Remember there are no dumb questions. Always praise them for an excellent question in order to encourage others.

Your powerful wrap-up. The last three minutes are critical to bring back your primary focus, as the audience may have become a little distracted during the Q&A.

Recap on the main ideas from your presentation, and conclude with your Call to Action.

I ask the audience to email me with what action they took and what the result was. Usually 10-15% do, and so this is another gauge of the effectiveness of the presentation.

In summary. Tell them what you are going to tell them, build anticipation, tell them, and then leave them with a powerful Call to Action following your presentation.


Public speaking is not inherently stressful, but because of a lack of planning or preparation it can be.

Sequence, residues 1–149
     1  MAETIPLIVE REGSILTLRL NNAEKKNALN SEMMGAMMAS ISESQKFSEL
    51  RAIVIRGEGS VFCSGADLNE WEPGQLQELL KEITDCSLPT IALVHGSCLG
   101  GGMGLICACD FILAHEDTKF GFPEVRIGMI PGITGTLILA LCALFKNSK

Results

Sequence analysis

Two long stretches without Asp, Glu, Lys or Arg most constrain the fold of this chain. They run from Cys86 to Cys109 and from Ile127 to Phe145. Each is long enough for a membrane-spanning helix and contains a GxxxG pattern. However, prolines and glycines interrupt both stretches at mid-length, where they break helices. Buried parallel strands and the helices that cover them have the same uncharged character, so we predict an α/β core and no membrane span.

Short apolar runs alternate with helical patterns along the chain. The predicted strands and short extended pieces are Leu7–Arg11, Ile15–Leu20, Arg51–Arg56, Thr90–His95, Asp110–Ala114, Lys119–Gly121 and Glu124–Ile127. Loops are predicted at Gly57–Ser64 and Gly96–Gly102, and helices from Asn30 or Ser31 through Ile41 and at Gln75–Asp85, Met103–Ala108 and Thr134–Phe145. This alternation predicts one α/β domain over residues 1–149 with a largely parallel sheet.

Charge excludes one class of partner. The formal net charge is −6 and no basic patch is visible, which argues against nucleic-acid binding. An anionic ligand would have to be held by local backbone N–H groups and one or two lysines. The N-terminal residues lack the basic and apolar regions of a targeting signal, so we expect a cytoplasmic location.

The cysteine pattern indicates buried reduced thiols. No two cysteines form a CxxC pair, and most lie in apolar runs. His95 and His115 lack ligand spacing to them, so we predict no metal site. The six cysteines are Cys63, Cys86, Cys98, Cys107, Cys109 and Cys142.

You will not succeed unless you understand you audience and why they came.

Your audience wants you to succeed.

Do not try to emulate someone else, people came to hear you.

Most of us talk too fast and overload people with information.

And finally, great presenters know their topic inside out and deliver from the heart, with passion. They exude energy and enthusiasm, whether on or off the platform.

Go forth -- prepare and deliver "knock-your-socks-off" presentations.

News: Denis is now available for keynote speech presentations or to work with your in-house team on business presentation skills training. or

Encourage your friends to sign up for this free periodic newsletter. Send, or have them send an email to

Here is to your continued Success!

Kind regards



© Scoop Media

Advertisement - scroll to continue reading
Business Headlines | Sci-Tech Headlines


Join Our Free Newsletter

Subscribe to Scoop’s 'The Catch Up' our free weekly newsletter sent to your inbox every Monday with stories from across our network.